What happens when the watchdog needs a watchdog?
Police Departments have a difficult job. They are given a lot of power over the population they police; the power to detain, the power to arrest, the power to open investigations, power to summons to court for minor violations, and even the power to kill when necessary. Over the years some law enforcement agencies have allowed practices to fester that were unfair, punitive, or simply illegal.
That’s when the FBI steps in.
But what happens when the FBI itself is guilty of similar conduct?
Whenever a law enforcement agency has violated laws and procedures to the extent that they have lost the faith of the people they are sworn to protect, an unusual civil procedure is implemented. The United States Department of Justice’s Civil Rights Division comes in and conducts a full analysis of the department in question. The DOJ then makes a series of recommendations for corrections and implements controls to ensure these new changes are properly complied with. The Department of Justice then creates a consent decree for the agency they are targeting for reform.
A consent decree is an agreement between the involved parties, submitted in writing to a court. Once approved by the judge, it becomes legally binding. The law enforcement agency in question must legally comply with this agreement to improve.
Essentially: this police department is now under the direction of DOJ.
In recent years the Department of Justice has implemented consent decrees on several major police departments. In 2001 they signed an agreement with the LAPD after the Rampart Division scandal. After the shooting of Laquan McDonald, the Chicago Police Department signed a consent decree in 2018 to improve training and policies. After the 2014 shooting of Tamir Rice, the Cleveland police signed a similar consent decree.
Deaths at the hands of police in Miami, Baltimore, Seattle, and Ferguson have resulted in consent decrees. New Orleans police also have agreed to one (frankly, because they really need it). Corruption and questionable use of deadly force are the events that sparked these interventions. There are currently 17 such decrees in effect.
Most people would demand that the Department of Justice step in with a consent decree If a law enforcement agency has;
o Repeatedly lied to courts to get search warrants and violated individuals’ 4th Amendment rights.
o Made potentially biased determinations on who to arrest without conferring with prosecutors.
o Ignored the subpoenas and mandates from legislators.
o Violated basic policy and procedure to open investigations on political candidates.
o Been credibly accused of interfering in elections.
o Had a history of spying on people they found unsavory.
o Used unnecessary force to arrest individuals for minor crimes.
o Never found use of deadly force to be improper in internal reviews.
o Repeatedly and knowingly released sensitive or classified information.
o Had several current and former upper echelon leaders dismissed or resigned for misconduct.
o Not disclosed their success rate in solving cases.
o Used a confidential informant who was a major organized crime figure and tipped him off to investigations by other agencies including the identities of witnesses (who were later murdered).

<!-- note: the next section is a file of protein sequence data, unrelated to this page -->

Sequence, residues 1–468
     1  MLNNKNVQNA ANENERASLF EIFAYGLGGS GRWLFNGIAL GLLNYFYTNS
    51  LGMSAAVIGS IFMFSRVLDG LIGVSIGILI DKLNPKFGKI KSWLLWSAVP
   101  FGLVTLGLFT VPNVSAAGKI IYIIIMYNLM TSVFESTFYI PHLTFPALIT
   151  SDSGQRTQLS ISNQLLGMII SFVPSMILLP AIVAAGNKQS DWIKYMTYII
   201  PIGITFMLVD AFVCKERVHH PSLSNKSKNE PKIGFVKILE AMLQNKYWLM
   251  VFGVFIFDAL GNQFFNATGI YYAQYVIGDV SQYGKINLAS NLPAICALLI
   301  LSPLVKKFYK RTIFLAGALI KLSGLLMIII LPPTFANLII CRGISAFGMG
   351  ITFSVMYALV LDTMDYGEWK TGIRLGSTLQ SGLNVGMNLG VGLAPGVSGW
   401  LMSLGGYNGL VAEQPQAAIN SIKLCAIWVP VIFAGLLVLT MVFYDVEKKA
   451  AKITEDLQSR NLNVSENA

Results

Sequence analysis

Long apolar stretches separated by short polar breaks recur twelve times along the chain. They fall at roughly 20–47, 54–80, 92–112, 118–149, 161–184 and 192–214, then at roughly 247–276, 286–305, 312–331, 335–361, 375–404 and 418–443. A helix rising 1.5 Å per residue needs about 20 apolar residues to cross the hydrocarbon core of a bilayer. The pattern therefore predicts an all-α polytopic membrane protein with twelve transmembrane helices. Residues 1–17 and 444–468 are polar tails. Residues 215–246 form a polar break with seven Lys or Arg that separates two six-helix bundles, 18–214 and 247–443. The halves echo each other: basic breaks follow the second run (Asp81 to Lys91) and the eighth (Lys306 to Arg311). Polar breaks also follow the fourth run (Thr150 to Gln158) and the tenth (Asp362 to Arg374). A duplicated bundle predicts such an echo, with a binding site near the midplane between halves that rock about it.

o Failed to properly investigate numerous leads and tips that later led to acts of terrorism or mass shootings.
o Investigated religious organizations and their members without explanation.
o Refused to answer basic questions about their conduct or internal procedures.
The Department of Justice doesn’t seem to be moving toward an intervention with this agency. It is not their usual target. This is not a police department working with limited resources to police a dangerous and violent inner city. It is not a group of wayward cops who have disgraced their badges after years of frustration and failure.
The agency described above is the FBI.
It is clear that the FBI has some problems and that these problems are probably systemic. J Edgar Hoover’s FBI engaged in a litany of legal violations, and we are still seeing many of those trends today.
The lack of candor and openness in the FBI is alarming. It seems like there is nothing they don’t mark as “classified,” thereby allowing them to obfuscate the truth. There is no disputing that our country’s most powerful and important law enforcement agency has lost the faith of many of the citizens of this country. These citizens have good reason for that opinion.
This is exactly why the Department of Justice needs to implement another consent decree — on the FBI. Attorneys and investigators from the DOJ have top secret clearance and can be “read into” even the most sensitive investigations, so as to ensure proper actions are taken. They can appoint monitors who are familiar with the federal system and can be granted appropriate clearances to view FBI data.
The DOJ, through a public and candid consent decree, can improve the credibility of the FBI. It can restore faith in its main constituent agency.
The Durham Report pointed to failures in that agency. It did not make recommendations. It did not implement changes. It was a fire-and-forget document. No follow-through to ensure improvements were made. The American people were just asked to trust this inherently untrustworthy agency to ensure the FBI makes effective changes… on its own.
A DOJ consent decree would help ensure the FBI stays on the straight-and-narrow going forward. It is a commonsense solution with no significant downside.
We would encourage Merrick Garland to start the process immediately.
We’re not holding our breath.
Thanks for reading The Ops Desk!